The intricacies of local language and colloquialisms means it’s not as simple as just running your keywords through Google Translator and hoping for the best.
At Econsultancy’s Funnel B2B marketing conference Search Laboratory’s Ian Harris outlined the three steps involved with adapting websites for international markets. Here’s a run through of his main points…
1. Identify the markets
Before you rush into a new marketplace it’s vital to work out whether the business opportunity exists and if it does, can you compete there?
Harris recommended that businesses start with Google’s Global Market Finder Tool, which shows you information on your chosen search terms and the countries you want to target.
The results are ranked by opportunity based on the number of searches and suggested bid price.
But Harris said that while it’s a good starting point, businesses still need to do a full investigation before embarking on a new market.
Any automated system is hopeless if you want to properly analyse a market to go into. It’s a machine translation and doesn’t take into account any local knowledge on market conditions.
2. Getting enquiries
Once a market has been identified the temptation is to translate the whole website into the local language, but it’s an expensive job and doesn’t necessarily lead to enquiries.
Instead, Harris advised that businesses run a PPC campaign that includes localised landing pages or a minisite.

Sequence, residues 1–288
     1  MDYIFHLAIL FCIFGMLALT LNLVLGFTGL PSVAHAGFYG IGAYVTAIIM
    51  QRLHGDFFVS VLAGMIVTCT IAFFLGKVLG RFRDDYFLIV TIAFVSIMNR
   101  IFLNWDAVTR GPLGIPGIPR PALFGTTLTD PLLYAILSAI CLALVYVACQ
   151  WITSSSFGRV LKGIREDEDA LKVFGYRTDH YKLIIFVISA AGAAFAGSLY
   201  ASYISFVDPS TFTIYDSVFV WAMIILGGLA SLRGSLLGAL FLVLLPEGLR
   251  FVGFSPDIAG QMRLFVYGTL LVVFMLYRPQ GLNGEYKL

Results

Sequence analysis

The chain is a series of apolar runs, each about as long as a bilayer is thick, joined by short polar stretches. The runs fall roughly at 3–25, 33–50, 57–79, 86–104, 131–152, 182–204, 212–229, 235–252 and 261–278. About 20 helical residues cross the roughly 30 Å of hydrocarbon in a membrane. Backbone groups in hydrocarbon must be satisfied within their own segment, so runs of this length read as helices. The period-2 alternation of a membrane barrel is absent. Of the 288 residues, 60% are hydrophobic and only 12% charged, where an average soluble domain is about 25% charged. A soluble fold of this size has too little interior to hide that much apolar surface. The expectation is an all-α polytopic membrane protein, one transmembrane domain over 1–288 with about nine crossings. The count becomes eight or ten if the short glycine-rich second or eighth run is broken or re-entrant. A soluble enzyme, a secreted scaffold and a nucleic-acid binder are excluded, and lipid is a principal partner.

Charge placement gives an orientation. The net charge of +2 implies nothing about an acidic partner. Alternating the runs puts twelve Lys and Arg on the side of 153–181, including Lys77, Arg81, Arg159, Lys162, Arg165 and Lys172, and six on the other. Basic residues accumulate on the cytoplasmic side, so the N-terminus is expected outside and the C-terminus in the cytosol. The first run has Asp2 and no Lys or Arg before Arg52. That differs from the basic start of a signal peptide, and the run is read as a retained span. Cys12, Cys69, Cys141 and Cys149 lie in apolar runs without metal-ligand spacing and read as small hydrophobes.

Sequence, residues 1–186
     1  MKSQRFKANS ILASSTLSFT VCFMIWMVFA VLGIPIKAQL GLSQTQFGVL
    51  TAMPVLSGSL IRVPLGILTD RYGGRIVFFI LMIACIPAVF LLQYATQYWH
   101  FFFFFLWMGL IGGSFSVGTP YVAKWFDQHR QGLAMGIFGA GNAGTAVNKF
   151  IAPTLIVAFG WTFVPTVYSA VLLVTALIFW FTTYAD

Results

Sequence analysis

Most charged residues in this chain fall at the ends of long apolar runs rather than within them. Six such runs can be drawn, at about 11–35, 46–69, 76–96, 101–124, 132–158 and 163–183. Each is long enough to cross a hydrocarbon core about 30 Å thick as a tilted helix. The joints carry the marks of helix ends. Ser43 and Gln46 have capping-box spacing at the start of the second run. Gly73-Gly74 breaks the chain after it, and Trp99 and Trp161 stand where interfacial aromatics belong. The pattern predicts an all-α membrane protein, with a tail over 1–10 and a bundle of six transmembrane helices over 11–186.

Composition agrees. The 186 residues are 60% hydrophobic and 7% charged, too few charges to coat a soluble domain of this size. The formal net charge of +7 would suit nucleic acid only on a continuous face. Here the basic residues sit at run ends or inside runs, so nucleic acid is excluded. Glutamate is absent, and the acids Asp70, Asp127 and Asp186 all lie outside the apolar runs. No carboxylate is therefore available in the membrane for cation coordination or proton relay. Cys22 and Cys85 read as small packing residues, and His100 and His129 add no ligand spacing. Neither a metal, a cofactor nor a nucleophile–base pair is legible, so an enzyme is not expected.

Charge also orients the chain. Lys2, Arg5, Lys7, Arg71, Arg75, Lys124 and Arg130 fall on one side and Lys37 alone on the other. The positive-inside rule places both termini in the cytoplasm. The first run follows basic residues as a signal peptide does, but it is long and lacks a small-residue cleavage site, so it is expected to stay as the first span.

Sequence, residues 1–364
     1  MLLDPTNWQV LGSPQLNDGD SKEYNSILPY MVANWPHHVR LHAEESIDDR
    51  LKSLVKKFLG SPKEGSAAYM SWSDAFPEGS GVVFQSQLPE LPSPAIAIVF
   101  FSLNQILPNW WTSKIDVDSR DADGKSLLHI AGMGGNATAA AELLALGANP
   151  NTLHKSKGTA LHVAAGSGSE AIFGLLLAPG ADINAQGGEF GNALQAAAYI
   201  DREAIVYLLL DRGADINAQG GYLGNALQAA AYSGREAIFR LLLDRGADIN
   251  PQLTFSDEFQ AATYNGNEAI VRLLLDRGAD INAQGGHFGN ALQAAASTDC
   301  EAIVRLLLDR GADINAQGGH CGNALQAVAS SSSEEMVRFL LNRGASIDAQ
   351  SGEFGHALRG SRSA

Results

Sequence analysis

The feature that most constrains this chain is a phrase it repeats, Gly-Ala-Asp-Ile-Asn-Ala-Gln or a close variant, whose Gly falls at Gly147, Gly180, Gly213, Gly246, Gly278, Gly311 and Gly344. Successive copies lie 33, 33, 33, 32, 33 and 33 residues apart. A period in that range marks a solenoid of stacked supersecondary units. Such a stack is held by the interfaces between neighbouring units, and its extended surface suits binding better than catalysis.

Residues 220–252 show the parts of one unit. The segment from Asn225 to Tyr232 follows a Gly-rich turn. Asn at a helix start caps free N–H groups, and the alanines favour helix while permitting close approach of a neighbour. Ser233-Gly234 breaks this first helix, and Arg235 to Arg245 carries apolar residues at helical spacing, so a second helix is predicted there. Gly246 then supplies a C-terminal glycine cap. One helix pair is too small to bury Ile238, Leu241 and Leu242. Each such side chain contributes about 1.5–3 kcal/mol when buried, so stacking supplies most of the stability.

In order to localise the content it’s important to use mother-tongue speakers who know colloquialisms and natural terms, rather than literal translations of your English keywords.
This will ensure that customers actually find your site and will lead to enquiries if there is local demand for your services.
3. Build a lasting presence
If your PPC campaign reveals that there is an opportunity to expand into a local market then the next step is to build a lasting presence using SEO.
This is where businesses need to begin the process of translating their websites into the local language.
But in order to avoid creating any problems between the translators and local SEO teams, Harris recommended having the SEOs involved with the translation process so both know what is required.
The potential rewards are massive, as in the UK we’re good at SEO marketing, but when you roll out into other languages they tend to be less competitive.
Responding to a question from the audience, Harris said that quality content is necessary for link building in foreign markets.
However he warned businesses off the temptation to pay for links.
A lot of link building is now phone based, it’s a bit like a sales job. But you still need to build natural links with good content, you shouldn’t go out and pay for them.